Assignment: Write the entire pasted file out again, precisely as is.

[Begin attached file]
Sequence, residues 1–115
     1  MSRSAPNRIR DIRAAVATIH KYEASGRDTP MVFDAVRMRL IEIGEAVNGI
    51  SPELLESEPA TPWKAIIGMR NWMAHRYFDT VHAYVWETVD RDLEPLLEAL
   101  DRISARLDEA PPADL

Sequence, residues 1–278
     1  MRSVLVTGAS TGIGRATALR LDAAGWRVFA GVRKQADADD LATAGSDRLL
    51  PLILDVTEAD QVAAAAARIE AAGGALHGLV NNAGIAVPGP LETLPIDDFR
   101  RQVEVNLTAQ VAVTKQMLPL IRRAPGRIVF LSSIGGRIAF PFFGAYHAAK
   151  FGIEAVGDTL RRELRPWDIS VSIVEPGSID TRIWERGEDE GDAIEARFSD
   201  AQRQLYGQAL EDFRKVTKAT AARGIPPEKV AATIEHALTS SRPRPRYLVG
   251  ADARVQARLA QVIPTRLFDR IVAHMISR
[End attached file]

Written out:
Sequence, residues 1–115
     1  MSRSAPNRIR DIRAAVATIH KYEASGRDTP MVFDAVRMRL IEIGEAVNGI
    51  SPELLESEPA TPWKAIIGMR NWMAHRYFDT VHAYVWETVD RDLEPLLEAL
   101  DRISARLDEA PPADL

Sequence, residues 1–278
     1  MRSVLVTGAS TGIGRATALR LDAAGWRVFA GVRKQADADD LATAGSDRLL
    51  PLILDVTEAD QVAAAAARIE AAGGALHGLV NNAGIAVPGP LETLPIDDFR
   101  RQVEVNLTAQ VAVTKQMLPL IRRAPGRIVF LSSIGGRIAF PFFGAYHAAK
   151  FGIEAVGDTL RRELRPWDIS VSIVEPGSID TRIWERGEDE GDAIEARFSD
   201  AQRQLYGQAL EDFRKVTKAT AARGIPPEKV AATIEHALTS SRPRPRYLVG
   251  ADARVQARLA QVIPTRLFDR IVAHMISR